(S.D. Patil & Borse) K.L. Pang & E.B.G. Jones, Mycol. Progr. 2: 35 (2003)


Sordariomycetes, subclass Hypocreomycetidae





Synonymy: ≡ Halosarpheia ratnagiriensis S.D. Patil & Borse, indian Botnical Reporrter 1: 102 (1982) = Littispora ratnagiriensis (S.D. Patil & Borse)) J. Campb., J.L. Anderson & Shearer, Mycologia 95: 549 (2003)

Sexual morph: Ascomata 300-6560 µm high, 400-800 µm in diam., ellipsoidal, immersed, ostiolate, papillate, coriaeous, hyaline, main axis sometimes horizontal with a lateral, recurved neck. Peridium 25-40 µm thick, cells forming pa textura angularis, merging with the pseudoparenchyma of the centrum. Necks about 1mm long, 100-160 µm in diam., cylindrical, emerging with whitish, fuzzy tips over the wood surface, centrally or laterally inserted, ostiolar canal periphysate. Asci 250-340 x 50-68 µm, 8-spored, clavate, pedunculate, untitunicate, thin-walled, thicker below the apex, persistent, with a refractive lens-shaped apical plate, 3-6 µm in diam., 0.8 µm thick, developing at the base of the ascomata venter. Ascospores 48-64-71.4 x 22-28 µm, ellipsoidal, 1-septate, slightly constricted at the septum, hyaline, with apical-subapical appendages. Appendages bipolar, hamate, at maturity uncoiling to form long thread-like filaments.

Key references:

Baker T. (1991). Taxonomic studies of the Halosphaeriaceae with special reference to ultrastructure of spore ontogeny. PhD Thesis, Portsmouth Polytechnic, Portsmouth, UK. p287.

Campbell J, Anderson JL, Shearer CA. (2003). Systematics of Halosarpheia based on morphological and molecular data. Mycologia 95: 530-552.

Jones EBG, Suetrong S, Sakayaroj J, Bahkali AH, Abdel-Wahab MA, Boekhout T, Pang KL (2015) Classification of marine Ascomycota, Basidiomycota, Blastocladiomycota and Chytridiomycota. Fungal Diversity 73: 1-72.

Liu JK, Hyde KD, Jones EBG, Airiyawansa HA, Bhat DJ, Boonmee S, et al. (2015). Fungal diversity notes 1-100: taxonomic and phylogenetic contributions to fungal species. Fungal Diversity 72: 1-198.

Maharachchikumbura SSN, Hyde KD, Jones EBG, Mckenzie EHC, Huang SK, Abdel-Wahab MA et al. (2015). Towards a natural classification and backbone tree for Sordariomcyetes. Fungal Diversity 72: 199-299.

Pang KL, Vrijmoed LLP, Kong RYC, Jones EBG. (2003a). Polyphyly of Halosarpheia (Halosphaeriales, Ascomycota): implications on the use of unfurling ascospore appendage as a systematic character. Nova Hedwigia 77: 1-18.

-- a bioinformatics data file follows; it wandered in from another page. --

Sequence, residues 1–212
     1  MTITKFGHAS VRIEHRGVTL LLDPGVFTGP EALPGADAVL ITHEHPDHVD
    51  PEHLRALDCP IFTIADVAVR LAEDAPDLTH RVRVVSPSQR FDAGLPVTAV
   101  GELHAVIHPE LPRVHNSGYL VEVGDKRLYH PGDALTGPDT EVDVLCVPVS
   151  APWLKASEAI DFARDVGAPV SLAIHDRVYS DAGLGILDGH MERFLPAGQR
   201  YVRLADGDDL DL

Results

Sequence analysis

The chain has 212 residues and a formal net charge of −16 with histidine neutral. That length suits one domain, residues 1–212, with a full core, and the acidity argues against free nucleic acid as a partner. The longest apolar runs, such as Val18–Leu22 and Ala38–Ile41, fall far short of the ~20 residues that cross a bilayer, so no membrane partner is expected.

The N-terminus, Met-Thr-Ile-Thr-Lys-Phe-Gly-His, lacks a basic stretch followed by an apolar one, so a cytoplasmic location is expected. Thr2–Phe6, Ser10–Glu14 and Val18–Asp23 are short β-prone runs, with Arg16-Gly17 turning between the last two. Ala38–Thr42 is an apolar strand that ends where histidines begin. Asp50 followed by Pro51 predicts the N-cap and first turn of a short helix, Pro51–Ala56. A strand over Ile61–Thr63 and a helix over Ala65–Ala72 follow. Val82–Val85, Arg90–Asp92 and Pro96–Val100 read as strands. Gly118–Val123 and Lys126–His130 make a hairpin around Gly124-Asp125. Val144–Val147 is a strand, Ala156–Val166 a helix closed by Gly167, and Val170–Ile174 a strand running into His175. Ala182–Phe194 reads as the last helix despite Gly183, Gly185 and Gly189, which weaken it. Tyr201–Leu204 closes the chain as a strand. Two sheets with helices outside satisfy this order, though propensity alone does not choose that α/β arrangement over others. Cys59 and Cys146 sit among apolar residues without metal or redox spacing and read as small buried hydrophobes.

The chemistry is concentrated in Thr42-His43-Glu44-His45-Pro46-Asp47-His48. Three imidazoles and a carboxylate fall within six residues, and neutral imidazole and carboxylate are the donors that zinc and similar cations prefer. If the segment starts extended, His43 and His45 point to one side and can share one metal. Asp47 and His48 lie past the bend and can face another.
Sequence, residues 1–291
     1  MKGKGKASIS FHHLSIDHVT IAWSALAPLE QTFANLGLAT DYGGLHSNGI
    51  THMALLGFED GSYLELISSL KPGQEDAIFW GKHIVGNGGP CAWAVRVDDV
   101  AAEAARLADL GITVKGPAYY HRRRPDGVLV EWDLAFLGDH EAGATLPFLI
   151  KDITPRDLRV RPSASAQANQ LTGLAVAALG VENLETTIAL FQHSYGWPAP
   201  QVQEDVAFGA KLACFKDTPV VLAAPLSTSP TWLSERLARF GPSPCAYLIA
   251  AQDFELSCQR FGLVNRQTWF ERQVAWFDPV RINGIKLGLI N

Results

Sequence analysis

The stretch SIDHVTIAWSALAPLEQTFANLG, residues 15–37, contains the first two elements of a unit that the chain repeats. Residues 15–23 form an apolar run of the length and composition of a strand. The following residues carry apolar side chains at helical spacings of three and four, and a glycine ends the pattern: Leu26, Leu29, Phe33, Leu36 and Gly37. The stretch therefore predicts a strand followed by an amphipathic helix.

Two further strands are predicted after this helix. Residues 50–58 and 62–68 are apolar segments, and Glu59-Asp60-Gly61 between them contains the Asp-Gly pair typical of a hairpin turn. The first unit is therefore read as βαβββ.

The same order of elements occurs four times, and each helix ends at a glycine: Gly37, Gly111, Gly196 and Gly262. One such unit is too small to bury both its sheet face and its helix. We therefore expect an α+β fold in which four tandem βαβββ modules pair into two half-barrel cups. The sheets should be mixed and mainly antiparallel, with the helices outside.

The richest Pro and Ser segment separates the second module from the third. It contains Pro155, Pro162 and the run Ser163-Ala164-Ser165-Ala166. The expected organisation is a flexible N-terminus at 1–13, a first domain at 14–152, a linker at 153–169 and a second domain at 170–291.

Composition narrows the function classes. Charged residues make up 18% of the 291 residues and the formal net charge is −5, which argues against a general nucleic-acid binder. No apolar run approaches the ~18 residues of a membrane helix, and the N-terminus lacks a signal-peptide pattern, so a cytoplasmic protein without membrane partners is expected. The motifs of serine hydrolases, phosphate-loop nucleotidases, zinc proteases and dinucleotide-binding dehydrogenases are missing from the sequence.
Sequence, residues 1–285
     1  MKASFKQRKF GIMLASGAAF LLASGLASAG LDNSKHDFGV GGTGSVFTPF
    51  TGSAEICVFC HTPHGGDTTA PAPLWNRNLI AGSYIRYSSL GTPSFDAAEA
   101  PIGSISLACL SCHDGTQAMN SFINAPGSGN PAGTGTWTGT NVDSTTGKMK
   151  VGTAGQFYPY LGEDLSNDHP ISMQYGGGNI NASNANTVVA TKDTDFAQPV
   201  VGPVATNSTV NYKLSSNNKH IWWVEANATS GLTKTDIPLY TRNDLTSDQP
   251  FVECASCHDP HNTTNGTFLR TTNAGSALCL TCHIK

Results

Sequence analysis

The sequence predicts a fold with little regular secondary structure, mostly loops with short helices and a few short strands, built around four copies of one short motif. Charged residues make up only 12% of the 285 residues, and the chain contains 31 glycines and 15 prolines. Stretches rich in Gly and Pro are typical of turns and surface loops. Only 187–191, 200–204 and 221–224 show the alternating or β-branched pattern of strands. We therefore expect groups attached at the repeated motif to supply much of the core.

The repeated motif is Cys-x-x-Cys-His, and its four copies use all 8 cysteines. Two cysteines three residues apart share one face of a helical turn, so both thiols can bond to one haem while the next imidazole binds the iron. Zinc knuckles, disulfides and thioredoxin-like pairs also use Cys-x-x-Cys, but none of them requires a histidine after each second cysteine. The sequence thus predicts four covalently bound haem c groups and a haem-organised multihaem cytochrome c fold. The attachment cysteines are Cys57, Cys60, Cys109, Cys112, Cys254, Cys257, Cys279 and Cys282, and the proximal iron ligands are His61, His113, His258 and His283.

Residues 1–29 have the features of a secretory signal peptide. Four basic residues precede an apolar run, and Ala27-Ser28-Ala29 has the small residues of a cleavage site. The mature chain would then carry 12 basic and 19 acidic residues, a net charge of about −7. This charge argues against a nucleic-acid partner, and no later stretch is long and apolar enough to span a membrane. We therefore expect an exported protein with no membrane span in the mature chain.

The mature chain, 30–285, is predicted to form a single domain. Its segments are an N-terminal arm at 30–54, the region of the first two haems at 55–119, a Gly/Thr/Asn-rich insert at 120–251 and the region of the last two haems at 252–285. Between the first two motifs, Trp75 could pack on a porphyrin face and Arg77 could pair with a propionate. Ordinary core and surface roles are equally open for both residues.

Key to Saagaromyces species:

  1. Ascospores lacking appendages                                           S. glitra

  1. Ascospores with bipolar appendages                                    2

  2. Ascospores shorter than 32 µm long and 16 µm wide            S. mangrovei

  2. Ascospores greater than 33 µm long                                    3

  3. Ascospores 48-64-71.4 x 22-28 µm                                     S. ratnagiriensis

  3. Ascospores 33-47 ×16-22 μm                                             S. abonnis

Type & Location:
Other Specimens:
saprobic on dead mangrove wood and immersed wood and bark.
India, Malaysia, Thailand
Pertinent Literature:
NOTES: This species was initially described as a Halosarpheia species, but the large ascospores, prominent bipolar appendages and a long ascus stalk distinguish it from species in that genus. Molecular data confirm that Halosarpheia ratnagiriensis was not monophyletic with Halosarpheia sensu stricto, and a new genus, Saagaromyces introduced to accommodate it and S. abonnis and S. glitra (Pang et al. 2003b). Campbell et al. (2003) referred Halosarpheia ratnagiriensis to the genus Littispora, but Saagaromyces has priority (Pang et al. 200). A species frequently collected on mangrove wood, with perithecia deeply embedded in the host wood, but it is not a colonizer of freshly exposed wood in mangroves (Tan et al. 1989, Leong et al. 1991). Currently, four species are assigned to Saagaromyces with the introduction of S. mangrovei from mangrove wood collected in Saudi Arabia (Liu et al. 2015). Saagaromyces species form a well-supported clade in the Halosphaeriaceae (Pang et al. 2003b, Jones et al. 2015, Liu et al. 2015). However, S. abonnis may be a species complex and further collections and a wider range of genes required to be sequenced. Ultrastructural studies of the ascospores and their appendages have been undertaken by Baker (1991).


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